This Week in the Unwritten Rules

This Week in the Unwritten Rules

May 10
Dallas Braden’s perfect game would have been markedly less perfect had Evan Longoria gotten his bunt down in the fifth inning. Should he have tried it in the first place?

May 11
Josh Beckett went nuts against the Yankees, throwing fastball after fastball at or near multiple players. Was it unintentional? Does it matter?

May 12
The Phillies own both a pair of binoculars and an allegedly powerful hunger to see what the other team is up to behind the plate.

May 12
Nap-gate hit the Mariners clubhouse hard. The real issue, however, isn’t Ken Griffey Jr.’s sleep habits, it’s who’s leaking sensitive information to the media.

May 13
It’s not like the Phillies haven’t been accused of sign stealing before. Like, last October, by Yankees fans.

May 14
Chris Carpenter is proving to have a weak spot when it comes to perceived disrespect. Turns out there is such thing as too much devotion to the unwritten rules.

– Jason

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This Week in the Unwritten Rules

This Week in the Unwritten Rules

May 3
Pirates starter Zach Duke failed to respond when Dodgers reliever Ramon Ortiz threw two pitches at Andrew McCutchen—one at his head. Realizing the potential for disaster, he immediately owned up to his oversight, in a most public manner.

May 4
An additional wrinkle for the Zach Duke situation concerned whether he should have been instructed by manager John Russell to carry out the deed.

May 4
I wrote a piece for Yahoo Sports, detailing 10 of the lesser-known unwritten rules.

May 5
Milton Bradley
quit on his teammates, leaving the ballpark after being pulled from a game—while the game was still going on. There are few more effective means of losing clubhouse support.

May 6
Dallas Braden weighed in on the Alex Rodriguez mound-crossing affair once again, this time on video.

May 6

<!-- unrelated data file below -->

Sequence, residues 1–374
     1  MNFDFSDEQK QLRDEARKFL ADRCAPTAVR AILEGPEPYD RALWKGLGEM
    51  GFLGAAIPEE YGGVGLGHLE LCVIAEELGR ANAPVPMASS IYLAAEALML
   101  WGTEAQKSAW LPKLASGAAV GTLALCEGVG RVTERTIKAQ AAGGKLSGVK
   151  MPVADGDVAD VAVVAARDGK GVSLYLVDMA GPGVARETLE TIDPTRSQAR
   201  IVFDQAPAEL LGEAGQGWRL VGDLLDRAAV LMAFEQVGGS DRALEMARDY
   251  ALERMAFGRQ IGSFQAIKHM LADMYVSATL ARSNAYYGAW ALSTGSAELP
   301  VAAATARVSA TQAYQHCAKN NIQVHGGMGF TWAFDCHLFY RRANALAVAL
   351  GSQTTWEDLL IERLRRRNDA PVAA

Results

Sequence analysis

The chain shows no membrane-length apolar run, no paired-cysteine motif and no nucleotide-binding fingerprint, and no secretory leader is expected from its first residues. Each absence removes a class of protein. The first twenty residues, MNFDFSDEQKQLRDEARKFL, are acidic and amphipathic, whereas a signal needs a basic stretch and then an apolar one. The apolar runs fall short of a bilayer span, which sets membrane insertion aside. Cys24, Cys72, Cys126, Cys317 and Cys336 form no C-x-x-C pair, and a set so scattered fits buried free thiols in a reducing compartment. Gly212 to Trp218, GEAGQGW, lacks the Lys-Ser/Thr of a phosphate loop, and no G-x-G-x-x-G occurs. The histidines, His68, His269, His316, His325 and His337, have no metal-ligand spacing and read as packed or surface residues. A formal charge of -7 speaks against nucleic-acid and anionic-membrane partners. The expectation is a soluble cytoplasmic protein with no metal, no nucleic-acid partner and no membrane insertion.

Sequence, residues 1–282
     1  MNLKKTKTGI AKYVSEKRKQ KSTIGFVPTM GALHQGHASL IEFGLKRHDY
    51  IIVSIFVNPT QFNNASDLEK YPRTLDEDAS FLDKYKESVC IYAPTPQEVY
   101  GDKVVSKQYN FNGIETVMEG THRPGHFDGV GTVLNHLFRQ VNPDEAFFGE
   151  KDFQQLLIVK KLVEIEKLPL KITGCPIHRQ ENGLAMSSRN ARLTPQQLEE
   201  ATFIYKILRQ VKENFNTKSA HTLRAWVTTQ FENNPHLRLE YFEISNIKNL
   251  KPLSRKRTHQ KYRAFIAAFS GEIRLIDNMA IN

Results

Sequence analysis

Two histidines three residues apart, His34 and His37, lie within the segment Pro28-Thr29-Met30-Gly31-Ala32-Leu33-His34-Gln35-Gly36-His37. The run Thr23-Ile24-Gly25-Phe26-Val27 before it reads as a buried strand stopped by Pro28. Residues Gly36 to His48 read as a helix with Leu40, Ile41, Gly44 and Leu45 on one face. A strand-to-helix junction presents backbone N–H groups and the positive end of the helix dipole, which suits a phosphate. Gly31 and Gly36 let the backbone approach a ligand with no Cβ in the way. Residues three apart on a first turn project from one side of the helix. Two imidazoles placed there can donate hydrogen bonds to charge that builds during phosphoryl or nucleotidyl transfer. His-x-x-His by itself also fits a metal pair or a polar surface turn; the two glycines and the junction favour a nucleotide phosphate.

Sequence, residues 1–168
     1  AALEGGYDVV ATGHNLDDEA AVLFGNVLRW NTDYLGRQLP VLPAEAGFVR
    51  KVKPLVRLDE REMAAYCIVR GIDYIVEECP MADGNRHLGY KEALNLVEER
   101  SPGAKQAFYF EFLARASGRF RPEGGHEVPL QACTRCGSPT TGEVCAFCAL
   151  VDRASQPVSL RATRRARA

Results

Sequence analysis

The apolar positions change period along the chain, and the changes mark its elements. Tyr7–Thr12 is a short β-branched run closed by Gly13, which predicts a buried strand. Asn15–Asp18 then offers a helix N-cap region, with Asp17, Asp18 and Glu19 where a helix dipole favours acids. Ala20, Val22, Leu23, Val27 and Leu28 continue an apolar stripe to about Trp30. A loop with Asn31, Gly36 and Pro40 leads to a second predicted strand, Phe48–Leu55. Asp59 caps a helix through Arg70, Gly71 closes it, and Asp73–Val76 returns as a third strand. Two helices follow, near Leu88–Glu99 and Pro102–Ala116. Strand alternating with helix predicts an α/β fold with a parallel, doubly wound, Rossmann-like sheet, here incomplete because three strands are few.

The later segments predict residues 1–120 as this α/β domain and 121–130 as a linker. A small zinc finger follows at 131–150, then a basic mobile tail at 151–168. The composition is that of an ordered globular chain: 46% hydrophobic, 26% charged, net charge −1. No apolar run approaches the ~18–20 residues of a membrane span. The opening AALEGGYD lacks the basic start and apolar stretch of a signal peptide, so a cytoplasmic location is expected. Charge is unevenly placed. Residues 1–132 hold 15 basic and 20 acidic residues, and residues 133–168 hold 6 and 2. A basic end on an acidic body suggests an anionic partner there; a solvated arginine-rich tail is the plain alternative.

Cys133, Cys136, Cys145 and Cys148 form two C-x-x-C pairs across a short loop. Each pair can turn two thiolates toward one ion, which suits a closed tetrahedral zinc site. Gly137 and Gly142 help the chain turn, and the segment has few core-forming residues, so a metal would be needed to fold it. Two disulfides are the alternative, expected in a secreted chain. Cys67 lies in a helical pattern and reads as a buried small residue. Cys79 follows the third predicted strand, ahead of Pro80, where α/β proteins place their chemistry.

ESPN’s Jerry Crasnick talked to three prominent pitchers about how they’d respond should various unwritten rules be broken on their watch.

May 6
Anaheim’s Howie Kendrick bunted in the game-winning run in the 12th inning against Cleveland. Not every member of the Indians appreciated it.

May 7
Washington’s Scott Olsen had a no-hitter through seven innings against Atlanta. Then the Braves requested that the grounds crew tamp down the mound. Did it distract him? Two batters later, he gave up a hit.

May 7
Morgan Ensberg discusses a novel way to relay pitch selection from second base, and it has nothing to do with stealing signs from the catcher.

– Jason

This Week in the Unwritten Rules

This Week in the Unwritten Rules

April 26
In light of the debate about youngster Dallas Braden’s propriety in calling out Alex Rodriguez, we look at some instances of players verbally overstepping their bounds.

April 27
Mark Teixeira annihilated Angels catcher Bobby Wilson in a play at the plate. Was he within his rights? You be the judge.

April 28
There are proper and improper methods of “deking,” or throwing phantom (decoy) tags down on unsuspecting base runners. In a game against Philadelphia, Giants shortstop Edgar Renteria deked Ryan Howard perfectly.

April 29
An unwritten rule prohibits teammates from speaking ill of each other in the press. You wouldn’t know it by Dodgers GM Ned Colletti, but the same holds true for management.

April 29
Chris Tillman, a Triple-A pitcher in the Orioles system, no-hit the Gwinnett Braves. In the fifth inning, he said in the Baltimore Sun’s Orioles Insider blog, “I looked up and noticed what was going on, and then I started noticing my teammates were sitting farther and farther away from me in the dugout, giving me the cold shoulder.”

This Week in the Unwritten Rules

This Week in the Unwritten Rules

April 19
Vicente Padilla broke Aaron Rowand’s face with a pitch. Manny Ramirez came out for a curtain call while the opposing pitcher was in the middle of his delivery. Was either instance retribution-worthy? You decide.

April 20
One has to learn the unwritten rules at some point. To judge by this no-hitter story, high school is not the place where it happens.

April 20
Broadcasters talking about a no-hitter as it happens (or not talking about it, in many cases) continues to be a point of contention with fans.

April 22
Chris Carpenter became the first pitcher in memory to retaliate for an offense (in this case, D-Backs pitcher Edwin Jackson hitting him on the wrist with a pitch) not from the mound, but on the basepaths.

April 22
Alex Rodriguez crossed the pitcher’s mound in Oakland on his way back to first base. Pitcher Dallas Braden made sure that A-Rod knew exactly what he did wrong.

April 23
Does Dallas Braden even have the big league bona fides to call out a superstar like A-Rod? In some cases, absolutely not. In this case, yes.

April 24
Baseball writer Allen Barra disagrees with the assertions set forth in this blog. This blog attempts to set him straight.

– Jason